• L Lysine SAP can be used as a preventative treatment for patients with recurrent herpes simplex infections;
• L Lysine SAP can be used to treat herpes simplex infections to reduce the duration of the outbreak;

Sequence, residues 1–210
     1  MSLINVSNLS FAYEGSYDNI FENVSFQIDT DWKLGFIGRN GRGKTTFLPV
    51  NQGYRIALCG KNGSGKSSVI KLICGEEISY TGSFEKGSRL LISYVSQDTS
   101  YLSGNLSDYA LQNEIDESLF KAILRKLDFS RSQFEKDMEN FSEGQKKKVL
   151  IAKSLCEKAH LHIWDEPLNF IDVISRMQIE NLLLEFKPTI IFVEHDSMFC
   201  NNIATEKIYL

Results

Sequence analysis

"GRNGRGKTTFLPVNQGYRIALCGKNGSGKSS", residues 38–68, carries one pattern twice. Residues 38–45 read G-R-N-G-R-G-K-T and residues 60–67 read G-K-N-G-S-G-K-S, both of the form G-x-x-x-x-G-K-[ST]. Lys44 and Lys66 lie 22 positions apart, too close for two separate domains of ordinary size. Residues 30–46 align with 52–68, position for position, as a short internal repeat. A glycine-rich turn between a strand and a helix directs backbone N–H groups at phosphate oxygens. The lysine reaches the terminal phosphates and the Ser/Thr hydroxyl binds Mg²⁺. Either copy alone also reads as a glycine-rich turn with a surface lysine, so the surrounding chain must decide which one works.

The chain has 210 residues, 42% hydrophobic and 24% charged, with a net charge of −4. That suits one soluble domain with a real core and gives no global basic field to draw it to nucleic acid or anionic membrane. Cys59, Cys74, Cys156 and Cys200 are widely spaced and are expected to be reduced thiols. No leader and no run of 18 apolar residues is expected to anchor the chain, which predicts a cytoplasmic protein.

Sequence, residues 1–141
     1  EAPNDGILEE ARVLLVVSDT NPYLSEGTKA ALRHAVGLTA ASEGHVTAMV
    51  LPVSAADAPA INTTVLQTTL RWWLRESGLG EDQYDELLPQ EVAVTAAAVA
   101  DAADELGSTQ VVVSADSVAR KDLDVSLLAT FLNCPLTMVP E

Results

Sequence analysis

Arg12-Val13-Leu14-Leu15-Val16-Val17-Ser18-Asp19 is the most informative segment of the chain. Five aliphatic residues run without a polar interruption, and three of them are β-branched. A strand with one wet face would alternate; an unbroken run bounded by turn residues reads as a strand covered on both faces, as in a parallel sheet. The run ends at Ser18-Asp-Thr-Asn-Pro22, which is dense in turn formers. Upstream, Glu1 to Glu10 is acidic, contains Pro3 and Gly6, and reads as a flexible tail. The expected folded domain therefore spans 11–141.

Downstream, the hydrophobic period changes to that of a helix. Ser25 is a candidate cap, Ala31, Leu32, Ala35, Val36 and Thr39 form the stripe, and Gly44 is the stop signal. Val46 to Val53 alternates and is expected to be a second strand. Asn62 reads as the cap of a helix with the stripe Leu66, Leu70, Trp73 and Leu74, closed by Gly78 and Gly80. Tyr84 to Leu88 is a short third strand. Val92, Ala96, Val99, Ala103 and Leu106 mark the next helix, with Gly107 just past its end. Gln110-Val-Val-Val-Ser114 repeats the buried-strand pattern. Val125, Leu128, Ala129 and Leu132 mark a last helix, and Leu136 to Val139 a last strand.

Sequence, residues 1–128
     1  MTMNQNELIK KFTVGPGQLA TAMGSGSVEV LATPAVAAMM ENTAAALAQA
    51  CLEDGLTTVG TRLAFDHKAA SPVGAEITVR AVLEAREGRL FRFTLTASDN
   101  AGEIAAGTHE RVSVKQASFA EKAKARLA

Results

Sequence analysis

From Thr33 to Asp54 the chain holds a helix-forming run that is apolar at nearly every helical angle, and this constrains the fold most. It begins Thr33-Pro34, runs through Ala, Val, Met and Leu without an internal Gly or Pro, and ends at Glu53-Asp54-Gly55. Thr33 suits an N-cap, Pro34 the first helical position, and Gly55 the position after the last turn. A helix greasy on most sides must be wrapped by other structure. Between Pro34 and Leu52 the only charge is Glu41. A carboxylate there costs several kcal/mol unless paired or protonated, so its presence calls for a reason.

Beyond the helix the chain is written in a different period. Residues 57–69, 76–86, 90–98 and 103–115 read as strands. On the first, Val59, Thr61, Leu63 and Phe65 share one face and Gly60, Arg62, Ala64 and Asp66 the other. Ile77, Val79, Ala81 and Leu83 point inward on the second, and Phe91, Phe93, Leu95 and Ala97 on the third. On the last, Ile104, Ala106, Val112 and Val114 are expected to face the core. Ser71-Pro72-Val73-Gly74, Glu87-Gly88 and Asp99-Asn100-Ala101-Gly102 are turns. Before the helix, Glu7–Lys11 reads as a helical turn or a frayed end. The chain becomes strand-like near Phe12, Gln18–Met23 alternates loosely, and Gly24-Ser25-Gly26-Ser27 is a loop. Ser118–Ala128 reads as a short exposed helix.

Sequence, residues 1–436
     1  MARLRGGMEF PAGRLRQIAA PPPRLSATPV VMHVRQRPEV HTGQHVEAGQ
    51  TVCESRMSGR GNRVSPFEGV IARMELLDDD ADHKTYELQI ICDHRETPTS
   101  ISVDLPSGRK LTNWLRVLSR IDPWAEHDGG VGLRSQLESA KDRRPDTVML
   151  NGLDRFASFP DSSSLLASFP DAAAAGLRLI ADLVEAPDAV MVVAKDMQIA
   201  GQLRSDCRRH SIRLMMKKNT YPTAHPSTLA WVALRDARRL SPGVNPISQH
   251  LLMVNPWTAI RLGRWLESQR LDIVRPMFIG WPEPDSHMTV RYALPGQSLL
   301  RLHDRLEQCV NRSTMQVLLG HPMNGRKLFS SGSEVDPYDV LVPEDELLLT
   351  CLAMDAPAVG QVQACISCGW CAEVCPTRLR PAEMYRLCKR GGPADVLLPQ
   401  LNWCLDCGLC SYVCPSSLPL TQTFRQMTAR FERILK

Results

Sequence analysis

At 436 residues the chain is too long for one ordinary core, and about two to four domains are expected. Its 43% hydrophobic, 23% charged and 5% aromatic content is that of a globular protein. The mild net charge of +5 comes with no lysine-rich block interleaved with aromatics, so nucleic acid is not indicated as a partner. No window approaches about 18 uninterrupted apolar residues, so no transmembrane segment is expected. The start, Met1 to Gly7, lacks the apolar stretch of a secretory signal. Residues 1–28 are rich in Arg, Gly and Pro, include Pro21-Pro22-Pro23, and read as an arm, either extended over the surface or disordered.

• L Lysine SAP may aid in the prevention of bone loss, as it increases calcium absorption and reduces calcium excretion.
Each capsule contains:
(2S)-2,6-Diaminohexanoic Acid (L Lysine) ... 500 mg
Contains no: Preservatives, artificial flavour or colour, yeast, wheat, gluten, salt, dairy,egg, sugar or starch.